This Drone-As-A-Service Startup Just Raised $32M – Crunchbase News


To find buried treasure in the Philippine Jungle, the History Channel first went to North Carolina.

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The network teamed up with Raleigh-based drone tech startup PrecisionHawk to use sensors to cut through the fog and canopy on the jungle floor. And according to to PrecisionHawk’s CEO, Michael Chasen, while the team came up treasureless, it explored areas unable to go by foot.

PrecisionHawk just raised $32 million to help the commercial drone industry — get off the ground. Investors in the round include Millennium Technology Value Partners, Third Point Ventures, Eastward Capital Partners, and others.

The startup, founded in 2010, offers software and hardware to customers across various industries, from agriculture to energy, deploy drones. For example, Precision-Hawk helps manage inventory and costs, and measures the health of electricity distribution lines. It doesn’t just stick to one part of the chain, it goes from consultation to technology.

CEO Chasen explained how the company works on the data collection phase (or, the part that happens when you see a drone flying around in the sky). Using PrecisionHawk hardware and software, an operator can fly drones over a certain area and capture data. It needs to repeat flights, 20 to 40 minutes each. The data, once collected, can help operators make in-field adjustments or corrections.

Beyond work with customers in agriculture, the company pointed to a customer that some find controversial: PG&E (Pacific Gas & Electric Co.).

“Drones have enabled PG&E to gain an unparalleled level of data and actionable insights of its assets, while improving safety and creating opportunities for its technicians to be at the forefront of sophisticated drone technology,” Chasen said.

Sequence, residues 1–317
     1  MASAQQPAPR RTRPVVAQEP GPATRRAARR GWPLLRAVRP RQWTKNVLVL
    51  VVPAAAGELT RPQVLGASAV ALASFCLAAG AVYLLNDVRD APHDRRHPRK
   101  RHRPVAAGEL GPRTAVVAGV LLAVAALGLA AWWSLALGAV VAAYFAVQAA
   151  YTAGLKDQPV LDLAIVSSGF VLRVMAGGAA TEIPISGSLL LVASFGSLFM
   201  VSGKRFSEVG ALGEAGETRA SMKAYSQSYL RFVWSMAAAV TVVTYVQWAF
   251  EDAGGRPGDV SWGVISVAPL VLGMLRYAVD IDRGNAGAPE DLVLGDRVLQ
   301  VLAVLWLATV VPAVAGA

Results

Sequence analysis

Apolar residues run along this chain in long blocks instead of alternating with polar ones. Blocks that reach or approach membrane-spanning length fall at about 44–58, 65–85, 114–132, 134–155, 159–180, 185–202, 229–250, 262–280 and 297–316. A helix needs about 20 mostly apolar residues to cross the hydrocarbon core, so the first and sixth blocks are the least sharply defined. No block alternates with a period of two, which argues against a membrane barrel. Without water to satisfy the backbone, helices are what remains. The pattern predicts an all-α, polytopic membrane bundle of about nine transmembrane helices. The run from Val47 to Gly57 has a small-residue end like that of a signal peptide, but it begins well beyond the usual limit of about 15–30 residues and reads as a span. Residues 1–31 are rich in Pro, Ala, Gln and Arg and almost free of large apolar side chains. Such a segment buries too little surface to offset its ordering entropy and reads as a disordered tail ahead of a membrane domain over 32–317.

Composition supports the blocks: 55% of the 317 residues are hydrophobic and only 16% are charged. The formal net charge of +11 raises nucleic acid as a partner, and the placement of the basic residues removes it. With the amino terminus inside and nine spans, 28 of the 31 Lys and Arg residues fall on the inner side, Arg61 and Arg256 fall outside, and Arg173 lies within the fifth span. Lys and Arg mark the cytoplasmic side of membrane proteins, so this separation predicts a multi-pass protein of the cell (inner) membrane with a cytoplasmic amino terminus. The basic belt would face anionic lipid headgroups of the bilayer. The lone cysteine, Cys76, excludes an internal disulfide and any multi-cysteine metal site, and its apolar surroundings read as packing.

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In June, I wrote about how consolidation in the lidar sensor market is upon us. Lidar sensors have long been looked at as an important cog in the autonomous machine market, which includes not just drones but also self-driving cars and ground robots.

At the time, I caught up with Scott Burroughs, co-founder and CEO of Sense Photonics, a startup that builds lidar sensors for robots and autonomous vehicles. He told me that there are about 70 to 80 companies that have attempted to enter the lidar market. He imagines only a handful of lidar companies will be around in a couple years, but for now the bar to enter is lower.

PrecisionHawk offers lidar sensors, but also software and consulting and thus a more holistic experience. That has its challenges and strengths: it differs from a crowd of lidar-focused startups, but it also means that it has to crack the code on the sensor technology in an industry that views it as not just an afterthought.

Bottom line: in just a few years, the FAA imagines that there will be hundreds of thousands of drones flying around us. That’s 823,000 by 2023, to be specific. I imagine we’ll be seeing much more from companies like PrecisionHawk before then.

Illustration: Li-Anne Dias



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